I did this exercise a few times and experienced some level of increased energy, but I stopped, partly because it just felt a little to “New Age” for my tastes. Then late last week I tried it again. I shifted the way I was trying to imagine that ball of energy and the flow of energy through my body. I’ll be damned if I didn’t have a very vivid experience of those things actually happening! My limbs were twitching as if a rush of energy was flowing through them and I really felt as if it was shooting out of the top of my head and showering down around me like some kind of fireworks display. I had the same experience the next time I tried it. I’ve never experienced anything like it. OK I’ve never experienced anything like it without being under the influence of psychedelics. Hey, I came of age in the late ’60s.
I almost hate to admit this happened, I’m a proud skeptic, after all. I’ve tried this twice since, but I was somewhat distracted and the experience was much less intense. I’m guessing that what was going on here was some sort of self-hypnosis, and I’ll admit that I’m pretty susceptible to suggestion and have always had a vivid imagination.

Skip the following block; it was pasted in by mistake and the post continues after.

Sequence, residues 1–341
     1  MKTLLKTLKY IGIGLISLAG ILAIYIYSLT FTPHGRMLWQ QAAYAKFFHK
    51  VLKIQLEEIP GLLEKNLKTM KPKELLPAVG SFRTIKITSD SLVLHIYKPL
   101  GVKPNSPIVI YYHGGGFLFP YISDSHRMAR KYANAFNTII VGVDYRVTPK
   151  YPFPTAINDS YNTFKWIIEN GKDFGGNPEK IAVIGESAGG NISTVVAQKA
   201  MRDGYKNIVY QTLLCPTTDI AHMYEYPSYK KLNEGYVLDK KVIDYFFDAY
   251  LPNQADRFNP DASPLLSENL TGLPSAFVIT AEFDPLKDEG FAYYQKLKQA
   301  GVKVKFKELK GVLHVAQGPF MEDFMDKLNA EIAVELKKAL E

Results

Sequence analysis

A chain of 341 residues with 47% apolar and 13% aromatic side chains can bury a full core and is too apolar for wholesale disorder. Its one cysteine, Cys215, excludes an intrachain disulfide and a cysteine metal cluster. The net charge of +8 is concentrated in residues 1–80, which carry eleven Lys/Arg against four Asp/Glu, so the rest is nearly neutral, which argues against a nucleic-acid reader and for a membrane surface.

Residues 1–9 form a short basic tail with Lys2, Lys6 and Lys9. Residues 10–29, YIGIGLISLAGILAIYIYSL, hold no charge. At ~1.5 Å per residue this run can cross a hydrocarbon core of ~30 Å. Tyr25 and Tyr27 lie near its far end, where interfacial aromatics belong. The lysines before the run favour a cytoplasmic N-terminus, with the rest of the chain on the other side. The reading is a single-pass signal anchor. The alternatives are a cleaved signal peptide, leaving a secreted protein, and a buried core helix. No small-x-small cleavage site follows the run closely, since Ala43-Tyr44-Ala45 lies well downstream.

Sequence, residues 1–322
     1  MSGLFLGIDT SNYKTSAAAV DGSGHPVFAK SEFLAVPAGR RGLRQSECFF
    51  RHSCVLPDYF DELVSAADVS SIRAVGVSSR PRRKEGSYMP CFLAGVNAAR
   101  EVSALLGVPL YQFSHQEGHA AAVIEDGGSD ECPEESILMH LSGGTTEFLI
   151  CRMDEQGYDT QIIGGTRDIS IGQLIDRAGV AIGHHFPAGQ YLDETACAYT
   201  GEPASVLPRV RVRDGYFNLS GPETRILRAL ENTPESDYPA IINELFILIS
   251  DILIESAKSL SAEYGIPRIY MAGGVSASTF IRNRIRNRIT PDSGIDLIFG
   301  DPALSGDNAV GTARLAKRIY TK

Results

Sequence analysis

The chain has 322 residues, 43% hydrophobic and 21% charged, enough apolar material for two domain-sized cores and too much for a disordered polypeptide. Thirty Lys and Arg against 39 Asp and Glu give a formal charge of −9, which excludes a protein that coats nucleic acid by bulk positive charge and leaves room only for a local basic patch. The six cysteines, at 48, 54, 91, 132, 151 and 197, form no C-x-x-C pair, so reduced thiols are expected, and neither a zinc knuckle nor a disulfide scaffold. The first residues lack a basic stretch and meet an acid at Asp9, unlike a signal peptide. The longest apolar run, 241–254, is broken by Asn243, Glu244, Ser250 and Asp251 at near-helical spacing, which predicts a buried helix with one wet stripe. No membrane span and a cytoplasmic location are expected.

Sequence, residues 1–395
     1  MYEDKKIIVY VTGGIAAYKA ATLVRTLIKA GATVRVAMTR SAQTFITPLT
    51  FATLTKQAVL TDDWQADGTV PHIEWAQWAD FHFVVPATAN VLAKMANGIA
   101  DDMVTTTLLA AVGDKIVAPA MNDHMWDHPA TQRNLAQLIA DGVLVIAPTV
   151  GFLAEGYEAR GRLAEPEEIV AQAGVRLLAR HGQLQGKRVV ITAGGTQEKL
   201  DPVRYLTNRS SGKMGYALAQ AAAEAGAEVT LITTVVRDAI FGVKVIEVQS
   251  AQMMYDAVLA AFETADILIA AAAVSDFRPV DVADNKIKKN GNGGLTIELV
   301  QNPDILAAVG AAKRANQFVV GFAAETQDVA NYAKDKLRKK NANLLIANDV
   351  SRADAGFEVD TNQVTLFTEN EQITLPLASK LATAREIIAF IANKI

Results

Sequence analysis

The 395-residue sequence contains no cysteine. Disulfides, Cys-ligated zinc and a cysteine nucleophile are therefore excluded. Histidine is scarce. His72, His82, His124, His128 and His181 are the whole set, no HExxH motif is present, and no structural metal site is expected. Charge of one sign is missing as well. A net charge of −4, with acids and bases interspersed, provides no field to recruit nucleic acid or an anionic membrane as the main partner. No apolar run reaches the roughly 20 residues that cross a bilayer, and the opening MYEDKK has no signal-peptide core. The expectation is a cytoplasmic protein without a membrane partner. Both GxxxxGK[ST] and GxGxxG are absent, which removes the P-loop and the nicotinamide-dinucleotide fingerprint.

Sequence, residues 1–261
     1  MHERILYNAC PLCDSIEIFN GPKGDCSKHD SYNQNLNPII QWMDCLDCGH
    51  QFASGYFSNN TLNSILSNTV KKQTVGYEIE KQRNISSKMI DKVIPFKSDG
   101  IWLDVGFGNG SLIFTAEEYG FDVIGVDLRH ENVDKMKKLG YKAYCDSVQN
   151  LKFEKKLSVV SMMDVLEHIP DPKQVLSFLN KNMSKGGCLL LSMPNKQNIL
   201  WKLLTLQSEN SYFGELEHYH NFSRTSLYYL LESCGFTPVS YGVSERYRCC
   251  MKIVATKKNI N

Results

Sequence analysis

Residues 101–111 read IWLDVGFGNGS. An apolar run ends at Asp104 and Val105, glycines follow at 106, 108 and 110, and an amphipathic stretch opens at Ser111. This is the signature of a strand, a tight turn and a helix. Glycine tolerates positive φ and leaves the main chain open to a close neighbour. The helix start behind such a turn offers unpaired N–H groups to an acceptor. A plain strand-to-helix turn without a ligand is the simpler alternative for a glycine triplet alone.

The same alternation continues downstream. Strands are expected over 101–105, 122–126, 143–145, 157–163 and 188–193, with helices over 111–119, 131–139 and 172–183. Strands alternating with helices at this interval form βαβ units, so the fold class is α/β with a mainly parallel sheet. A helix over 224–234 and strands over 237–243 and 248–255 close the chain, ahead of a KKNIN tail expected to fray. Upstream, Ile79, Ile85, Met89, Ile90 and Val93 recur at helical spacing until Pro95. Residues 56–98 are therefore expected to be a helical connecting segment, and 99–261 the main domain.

I will not be packing up for Tibet to go on a year-long silent retreat, a la Sam Harris, anytime soon.
If you’ve been following this blog… wait, who am I kidding, no one follows this blog. If anyone was actually following this blog and you were that hypothetical person, you would know that I’ve been in a major productivity slump lately. My writing isn’t so much blocked as it’s embedded in concrete. Every time I sit down to write and manage to think of something to write about, my first conclusion is either “That’s not something I want to share with the world,” or “No one in the world would be the least bit interested in that.”
I noticed awhile back that the word “I” shows up a lot in my posts. And I guess I concluded that was a bad thing. I decided I was going to write more about ideas and causes and art and all that important stuff. But then I came to the conclusion that I didn’t really know enough about any of those things for anyone to care what I had to say. After all, no graduate degrees here. I guess that’s the perfect recipe for concrete. Continue reading Writing about writing→